Wednesday, November 21, 2007

HD Radio and QVC -- looked good on paper.

The HD Radio Alliance sponsored a half-hour program on QVC last night. As the Alliance breathlessly announced in their press release:
"QVC provides a unique retail at-home environment that is ideal for helping even more consumers discover the cool new content and crystal clear sound provided by HD Digital Radio," said Peter Ferrara, president and CEO of the HD Digital Radio Alliance. "When QVC shoppers see the wide variety of stylish HD Radio receivers and discover the benefits, they are going to want to experience the digital upgrade immediately."
Interestingly enough, that press release and the new Paragon Media study of HD Radio awareness (41% among radio listeners, of which only 9% understood that it required an HD Radio receiver) arrived in my news aggregator about the same time.

So I decided to watch the QVC special aired last night to see exactly how they would pitch this technology with very little consumer awareness (or interest).

Friday, November 16, 2007

HD Radio: too little, too late

Face it, folks...when you add it up, HD Radio as a platform will never be competitive with satellite or Internet radio on a value for value basis for the end user.

HD Radio PAD: solutions in search of problems?

HD Radio's proposed "possibilities" seem out of touch to me because of the sheer proliferation of communication platforms in general. When FM was introduced, it was basically just another way to do one-way radio. It took decades to take over, but it did it in a world of three mass media platforms (print, TV, AM radio). FM had time to make its mark, and the public didn't have to learn anything new (though they did have to buy new receivers). HD Radio's propositions seem bound in this FM radio world view -- the idea that it will reach near-ubiquity because FM radio did. But HD Radio is entering a market that has not three major mass media platforms, but perhaps 10 or more (depending on how you count). Not to mention that one of the mass platforms out there today -- the Internet -- is not a medium but a transport system that can carry ANY medium. Why should I, as a consumer, adapt my listening habits and spend more money on a media format that's basically an update of the 20th century's greatest hit when I could simply shift over to a multimedia device that can get me audio, video, text and still photos and has a wider reach than any one radio station?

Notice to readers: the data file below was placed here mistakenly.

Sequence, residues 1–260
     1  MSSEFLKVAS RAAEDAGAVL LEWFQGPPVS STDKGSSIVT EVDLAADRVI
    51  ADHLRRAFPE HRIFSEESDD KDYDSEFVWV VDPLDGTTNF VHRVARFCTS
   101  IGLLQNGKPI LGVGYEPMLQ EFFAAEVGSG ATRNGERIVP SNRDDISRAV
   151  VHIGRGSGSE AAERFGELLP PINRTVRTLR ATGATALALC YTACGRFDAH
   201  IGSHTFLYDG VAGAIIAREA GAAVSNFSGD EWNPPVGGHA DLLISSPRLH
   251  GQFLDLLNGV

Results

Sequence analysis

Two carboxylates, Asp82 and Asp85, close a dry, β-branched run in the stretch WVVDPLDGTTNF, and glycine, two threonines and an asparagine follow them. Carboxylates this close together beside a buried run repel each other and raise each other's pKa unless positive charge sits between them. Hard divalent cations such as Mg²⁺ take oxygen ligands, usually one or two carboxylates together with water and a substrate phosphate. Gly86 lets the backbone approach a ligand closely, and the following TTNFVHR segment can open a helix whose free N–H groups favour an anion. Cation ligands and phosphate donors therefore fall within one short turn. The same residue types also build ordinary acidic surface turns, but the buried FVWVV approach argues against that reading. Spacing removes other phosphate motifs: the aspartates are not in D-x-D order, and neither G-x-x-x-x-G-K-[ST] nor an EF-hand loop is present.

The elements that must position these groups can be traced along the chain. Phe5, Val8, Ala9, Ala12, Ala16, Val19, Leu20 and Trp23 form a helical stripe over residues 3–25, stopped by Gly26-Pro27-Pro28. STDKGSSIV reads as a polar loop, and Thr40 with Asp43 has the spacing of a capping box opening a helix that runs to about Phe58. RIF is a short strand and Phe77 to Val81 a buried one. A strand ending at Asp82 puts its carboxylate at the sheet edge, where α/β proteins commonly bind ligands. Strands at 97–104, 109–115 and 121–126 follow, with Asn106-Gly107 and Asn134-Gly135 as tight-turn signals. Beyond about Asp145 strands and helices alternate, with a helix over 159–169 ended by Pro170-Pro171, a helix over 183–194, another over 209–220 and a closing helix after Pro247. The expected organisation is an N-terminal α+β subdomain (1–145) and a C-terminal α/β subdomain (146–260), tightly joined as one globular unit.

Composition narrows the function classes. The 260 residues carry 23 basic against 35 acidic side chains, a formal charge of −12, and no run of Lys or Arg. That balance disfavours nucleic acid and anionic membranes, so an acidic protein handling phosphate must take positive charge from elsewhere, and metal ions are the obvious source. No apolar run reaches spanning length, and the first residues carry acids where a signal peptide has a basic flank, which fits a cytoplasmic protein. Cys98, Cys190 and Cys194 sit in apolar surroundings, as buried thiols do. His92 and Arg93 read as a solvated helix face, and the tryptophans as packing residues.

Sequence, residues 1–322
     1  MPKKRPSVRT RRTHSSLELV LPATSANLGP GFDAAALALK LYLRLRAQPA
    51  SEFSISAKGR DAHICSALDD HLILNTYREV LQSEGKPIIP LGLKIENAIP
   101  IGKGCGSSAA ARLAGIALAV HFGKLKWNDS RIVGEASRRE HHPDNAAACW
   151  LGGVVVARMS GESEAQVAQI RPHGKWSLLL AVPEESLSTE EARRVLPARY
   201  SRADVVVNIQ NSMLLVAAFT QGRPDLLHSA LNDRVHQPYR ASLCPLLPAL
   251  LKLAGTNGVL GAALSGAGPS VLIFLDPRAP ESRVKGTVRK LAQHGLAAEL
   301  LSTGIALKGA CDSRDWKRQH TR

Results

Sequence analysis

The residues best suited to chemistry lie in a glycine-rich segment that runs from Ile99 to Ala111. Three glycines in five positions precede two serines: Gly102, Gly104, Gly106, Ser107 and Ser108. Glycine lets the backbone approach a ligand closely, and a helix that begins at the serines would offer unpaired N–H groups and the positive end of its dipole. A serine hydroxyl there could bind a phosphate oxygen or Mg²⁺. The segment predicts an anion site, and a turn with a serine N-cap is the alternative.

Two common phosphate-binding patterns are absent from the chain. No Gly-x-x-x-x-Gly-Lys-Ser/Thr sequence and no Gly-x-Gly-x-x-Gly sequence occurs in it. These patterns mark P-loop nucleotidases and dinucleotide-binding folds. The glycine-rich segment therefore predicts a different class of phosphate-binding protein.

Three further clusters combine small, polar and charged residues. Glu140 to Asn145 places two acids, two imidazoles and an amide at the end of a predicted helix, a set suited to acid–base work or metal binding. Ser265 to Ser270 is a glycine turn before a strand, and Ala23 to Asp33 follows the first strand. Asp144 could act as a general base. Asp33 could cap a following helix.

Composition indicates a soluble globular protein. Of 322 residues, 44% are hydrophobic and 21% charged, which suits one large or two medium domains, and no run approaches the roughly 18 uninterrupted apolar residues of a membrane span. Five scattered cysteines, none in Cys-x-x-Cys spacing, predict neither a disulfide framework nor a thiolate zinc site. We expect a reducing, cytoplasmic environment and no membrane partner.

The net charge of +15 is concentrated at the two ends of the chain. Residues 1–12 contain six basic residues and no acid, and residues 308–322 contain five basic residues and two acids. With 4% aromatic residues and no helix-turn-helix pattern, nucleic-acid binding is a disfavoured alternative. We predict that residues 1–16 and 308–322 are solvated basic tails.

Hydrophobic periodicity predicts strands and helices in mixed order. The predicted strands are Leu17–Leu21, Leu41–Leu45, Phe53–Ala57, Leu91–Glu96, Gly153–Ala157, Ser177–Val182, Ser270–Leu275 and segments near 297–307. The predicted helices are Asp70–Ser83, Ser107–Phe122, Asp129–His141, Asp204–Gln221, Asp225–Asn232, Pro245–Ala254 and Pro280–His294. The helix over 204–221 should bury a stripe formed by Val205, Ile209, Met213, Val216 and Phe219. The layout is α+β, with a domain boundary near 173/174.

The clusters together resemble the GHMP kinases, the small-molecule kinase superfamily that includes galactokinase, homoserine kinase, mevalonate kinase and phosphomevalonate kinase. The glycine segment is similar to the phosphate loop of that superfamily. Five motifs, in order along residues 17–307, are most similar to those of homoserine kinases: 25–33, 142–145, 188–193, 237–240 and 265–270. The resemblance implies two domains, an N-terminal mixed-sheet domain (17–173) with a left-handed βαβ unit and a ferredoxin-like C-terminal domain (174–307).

All this said, I do think an HD Radio rollout is called for, if for no other reason than multicasting. I'm just deeply concerned that the "neat" stuff HD Radio "could" do is oversold and cannot possibly deliver -- not technologically, but in terms of market acceptance.

‘Anti’ IBOC Alliance Membership Grows

WYSL owner Bob Savage says he has more than 90 members for his new anti-IBOC alliance which I mentioned in my last post.

None wished to be identified by name.

“For the most part these people are not bomb-throwing reactionaries but are radio pros who are genuinely concerned about IBOC’s adverse effects on AM radio,” he tells me. The entries also include “many accounts of serious interference” he says.

There are a few DXers, ham operators and other “civilians” among that group; however, he said, the majority are broadcasters who represent a cross-section “from the small-market guys all the way to major-market 50 kW AM stations.”

One anonymous “confessional entry,” he says, “loses sleep over being forced by management to install HD-AM, which he regards as an ethical transgression, because it generates harmful interference. He’s certain that if his name and station got out he would lose his job.”

Saturday, November 3, 2007

HD Radio: Not Everyone is Touting its Virtues

Is HD Radio a farce? That’s the question which asks. Over the past year or so I’ve received some email from engineers, ham radio operators, and audiophiles who have decried HD Radio as being less than promised and troublesome to others. Here’s a recent email from a site visitor, Bob, who recently wrote: